2,500 Middle School Students Will Receive Free Cell Phones and Earn Minutes and Text Messages through Achievement in School
Initiative Will Include a Messaging and Mentoring Program to Support Students and Reinforce Connections Between Education and Success
Schools Chancellor Joel I. Klein today launched the “Million” Motivation Campaign, an unprecedented initiative designed to help students internalize connections between education and success. The campaign will operate as a pilot program in seven middle schools, serving approximately 2,500 students. Participating students will receive a free cell phone, known as the “Million,” with opportunities to earn minutes and other rewards if the students achieve academic goals established by school principals. At the same time, the phones will be used as a platform to communicate directly with students by teachers and administrators and to “re-brand” achievement through a messaging campaign and mentoring program. The messaging campaign will spotlight successful professionals in a range of occupations who can serve as role models to students who may never have considered a viable profession or way of life. Students will get workplace experience, life coaching, and academic help through a mentoring program that cements the core messages of the campaign.
“Over the past five years, New York City public school students have benefited from safer schools, more and better school options, high quality instruction, and greater accountability among school leaders. We’ve seen the results in improved student performance and a narrowing of the achievement gap, but too many low-income and minority children continue to underperform,” Chancellor Klein said. “The Million Campaign offers an innovative approach to a longstanding educational challenge that many people write off as intractable. We are committed to testing new strategies that hold the possibility of further reducing the gap, with the goal of eliminating it entirely.
“We’ve laid the groundwork for achieving true educational equality, but our improvements can only take us so far if students aren’t ‘buying in’ to the value of an education. With this initiative, we’re expanding our focus to increase the ‘demand’ side of the educational equation—getting students engaged and motivated to succeed.”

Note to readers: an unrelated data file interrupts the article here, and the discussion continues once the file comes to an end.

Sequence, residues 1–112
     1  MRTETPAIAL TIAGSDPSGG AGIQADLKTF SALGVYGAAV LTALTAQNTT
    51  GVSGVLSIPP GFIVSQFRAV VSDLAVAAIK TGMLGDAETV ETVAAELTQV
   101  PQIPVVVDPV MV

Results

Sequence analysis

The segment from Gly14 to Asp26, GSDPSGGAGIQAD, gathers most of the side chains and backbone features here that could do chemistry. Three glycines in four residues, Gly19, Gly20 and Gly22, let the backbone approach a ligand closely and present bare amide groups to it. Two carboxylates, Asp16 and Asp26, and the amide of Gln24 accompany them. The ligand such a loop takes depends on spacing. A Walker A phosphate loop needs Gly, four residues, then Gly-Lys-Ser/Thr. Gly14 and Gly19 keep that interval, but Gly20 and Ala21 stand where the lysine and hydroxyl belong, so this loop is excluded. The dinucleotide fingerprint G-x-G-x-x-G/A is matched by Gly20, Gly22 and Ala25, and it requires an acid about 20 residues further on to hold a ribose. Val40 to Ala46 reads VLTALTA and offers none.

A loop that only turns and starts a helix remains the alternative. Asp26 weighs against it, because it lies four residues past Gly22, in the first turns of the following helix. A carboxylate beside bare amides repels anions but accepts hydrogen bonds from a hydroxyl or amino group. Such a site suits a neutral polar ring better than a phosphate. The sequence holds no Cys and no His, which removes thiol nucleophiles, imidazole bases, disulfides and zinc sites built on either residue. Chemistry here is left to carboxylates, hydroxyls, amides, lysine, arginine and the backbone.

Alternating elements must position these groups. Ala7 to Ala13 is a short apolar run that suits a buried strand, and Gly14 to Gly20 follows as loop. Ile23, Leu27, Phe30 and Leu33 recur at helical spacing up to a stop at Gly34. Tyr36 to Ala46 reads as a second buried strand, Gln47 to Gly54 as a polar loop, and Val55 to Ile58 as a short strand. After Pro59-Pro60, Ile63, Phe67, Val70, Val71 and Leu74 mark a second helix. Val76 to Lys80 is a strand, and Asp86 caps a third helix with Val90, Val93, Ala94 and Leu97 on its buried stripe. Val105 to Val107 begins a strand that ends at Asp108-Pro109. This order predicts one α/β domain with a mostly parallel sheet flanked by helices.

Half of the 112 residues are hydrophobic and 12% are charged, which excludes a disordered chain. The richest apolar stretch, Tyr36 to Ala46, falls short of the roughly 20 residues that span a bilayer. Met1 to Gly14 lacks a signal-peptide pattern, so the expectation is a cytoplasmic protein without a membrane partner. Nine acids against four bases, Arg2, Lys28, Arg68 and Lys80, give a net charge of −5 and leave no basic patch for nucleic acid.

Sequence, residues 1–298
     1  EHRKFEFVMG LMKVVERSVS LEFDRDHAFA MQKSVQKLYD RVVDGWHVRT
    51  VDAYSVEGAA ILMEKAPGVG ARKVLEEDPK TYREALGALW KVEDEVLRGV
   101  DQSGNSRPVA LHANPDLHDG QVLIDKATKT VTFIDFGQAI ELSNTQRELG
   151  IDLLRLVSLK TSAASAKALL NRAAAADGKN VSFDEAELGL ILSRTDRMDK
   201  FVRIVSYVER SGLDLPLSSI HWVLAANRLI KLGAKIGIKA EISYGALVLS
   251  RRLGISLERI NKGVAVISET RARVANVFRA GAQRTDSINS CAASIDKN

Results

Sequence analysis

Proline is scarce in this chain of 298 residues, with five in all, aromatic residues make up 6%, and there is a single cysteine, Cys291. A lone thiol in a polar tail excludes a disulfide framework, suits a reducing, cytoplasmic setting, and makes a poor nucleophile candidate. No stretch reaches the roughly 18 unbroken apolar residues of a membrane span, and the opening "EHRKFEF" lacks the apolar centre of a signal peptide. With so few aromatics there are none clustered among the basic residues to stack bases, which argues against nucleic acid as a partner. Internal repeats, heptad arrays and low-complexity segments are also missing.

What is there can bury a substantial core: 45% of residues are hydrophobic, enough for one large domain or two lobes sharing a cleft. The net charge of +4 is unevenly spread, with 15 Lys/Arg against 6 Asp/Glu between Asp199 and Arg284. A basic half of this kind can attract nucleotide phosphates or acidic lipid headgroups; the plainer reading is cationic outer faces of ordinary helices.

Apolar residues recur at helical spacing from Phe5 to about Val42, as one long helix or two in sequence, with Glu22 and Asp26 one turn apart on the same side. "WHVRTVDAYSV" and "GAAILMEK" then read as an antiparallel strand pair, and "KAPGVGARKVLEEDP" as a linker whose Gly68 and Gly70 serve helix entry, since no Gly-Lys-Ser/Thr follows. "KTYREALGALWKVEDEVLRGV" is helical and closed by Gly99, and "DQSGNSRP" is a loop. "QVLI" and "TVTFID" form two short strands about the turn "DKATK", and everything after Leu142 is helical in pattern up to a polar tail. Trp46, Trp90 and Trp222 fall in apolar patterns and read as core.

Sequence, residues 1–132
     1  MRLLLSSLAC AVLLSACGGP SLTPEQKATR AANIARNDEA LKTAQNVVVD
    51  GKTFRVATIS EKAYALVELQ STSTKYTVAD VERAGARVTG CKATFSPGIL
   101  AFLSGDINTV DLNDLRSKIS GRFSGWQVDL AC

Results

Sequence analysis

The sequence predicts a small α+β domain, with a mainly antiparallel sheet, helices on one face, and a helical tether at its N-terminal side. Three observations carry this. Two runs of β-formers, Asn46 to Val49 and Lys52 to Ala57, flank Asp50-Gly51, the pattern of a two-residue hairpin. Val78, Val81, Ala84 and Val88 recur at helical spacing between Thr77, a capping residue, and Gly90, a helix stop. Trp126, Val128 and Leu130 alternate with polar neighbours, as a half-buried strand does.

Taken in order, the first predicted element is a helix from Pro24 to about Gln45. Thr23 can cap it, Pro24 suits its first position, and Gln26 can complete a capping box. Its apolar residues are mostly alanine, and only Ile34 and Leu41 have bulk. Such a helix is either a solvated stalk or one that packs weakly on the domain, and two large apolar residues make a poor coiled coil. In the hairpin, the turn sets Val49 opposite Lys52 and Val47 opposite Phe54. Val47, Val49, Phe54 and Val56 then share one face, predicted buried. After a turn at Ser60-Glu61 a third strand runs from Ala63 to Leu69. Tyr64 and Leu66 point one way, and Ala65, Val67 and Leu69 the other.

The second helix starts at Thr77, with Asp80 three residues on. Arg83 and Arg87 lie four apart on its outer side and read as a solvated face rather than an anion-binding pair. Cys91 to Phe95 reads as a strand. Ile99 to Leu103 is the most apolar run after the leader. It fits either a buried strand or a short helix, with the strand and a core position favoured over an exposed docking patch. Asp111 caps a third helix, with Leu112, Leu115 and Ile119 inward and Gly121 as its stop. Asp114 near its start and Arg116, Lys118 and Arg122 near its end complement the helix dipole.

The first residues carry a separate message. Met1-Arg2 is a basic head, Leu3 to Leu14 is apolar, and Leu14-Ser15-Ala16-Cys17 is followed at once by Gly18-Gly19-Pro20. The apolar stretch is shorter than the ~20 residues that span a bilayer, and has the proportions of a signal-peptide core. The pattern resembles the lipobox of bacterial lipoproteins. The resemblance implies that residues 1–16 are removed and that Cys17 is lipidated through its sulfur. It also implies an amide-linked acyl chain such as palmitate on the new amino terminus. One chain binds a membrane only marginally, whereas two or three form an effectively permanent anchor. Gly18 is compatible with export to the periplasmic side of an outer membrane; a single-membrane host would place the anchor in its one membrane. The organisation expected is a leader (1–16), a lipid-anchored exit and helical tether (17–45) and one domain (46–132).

Students participating in the Million program will receive a free Samsung U740 handheld mobile device, a cutting-edge cell phone that supports mp3 and video capability, as well as offering texting and instant messaging functionality. Students will earn text messages, talk time, and other rewards, such as free ring tones, music downloads, or event tickets, through their performance in school. Students will be evaluated on the basis of attendance and behavior, along with three other indicators—such as homework completion, class participation, or course grades—chosen by educators and customized to address academic priorities in their specific schools. Administrators will have access to significant new data on student performance, allowing them to track the short-term indicators that contribute to larger goals of boosting student achievement and graduation rates. In accordance with the City’s cell phone policy, Million cell phones will not be permitted in schools.
Million mobile devices also offer a platform to communicate directly with students. In time, teachers and administrators will have the capacity to send mass text messages to students, supporting them with study tips and reminders about homework assignments and other upcoming deadlines. The phones also will be utilized for a DOE-based messaging campaign promoting the idea that a middle-class lifestyle is desirable and accessible with a good education. The messaging campaign will showcase real-life success stories of individuals in an array of occupations, such as accounting and dentistry. These stories will highlight routes to success available to students, shifting their focus away from glorified celebrity lifestyles and broadening their outlook on future opportunities.
The DOE will build on the messaging campaign with a mentoring program that provides students with access to workforce experiences and cements the core messages of our motivation initiative. Successful professionals will serve as role models and life coaches, supporting the specific needs of their mentees and reinforcing the link between learning and earning. The mentoring program will also leverage the Million mobile devices as a means to facilitate direct and frequent communications between mentors and their mentees.
“Every day, students in high-need communities are exposed to negative pressures pointing them away from the belief that education is the best pathway to achieve success," said Dr. Roland Fryer, Chief Equality Officer for the Department of Education. “We must find innovative ways to combat this crisis in African-American and Latino communities. We must make ambition and achievement color-blind.”
“The Million is a bold idea that aims to re-brand achievement to students, showing them that their dreams don’t need boundaries and providing a clear pathway to achieve those ambitions. The Million may well be the most important innovation for urban education since the slide rule.”
The pilot program launches this week in seven schools, including four KIPP (Knowledge Is Power Program) charter schools and three high-need Brooklyn middle schools. Those schools are:
· I.S. Math, Science & Technology (K349)
· Ebbets Field Middle School (K352)
· J.H.S. 234 - Arthur W. Cunningham (K234)
· KIPP Academy Charter School (X704)
· KIPP S.T.A.R. College Preparatory Charter School (M726)
· KIPP A.M.P Charter School (K357)
· KIPP Infinity Charter School (M336)
Two of those schools – I.S. 349 Math, Science & Technology in Bushwick and Ebbets Field Middle School in Crown Heights – are part of the City’s Middle School Initiative.
Contact: David Cantor / Debra Wexler (212) 374-5141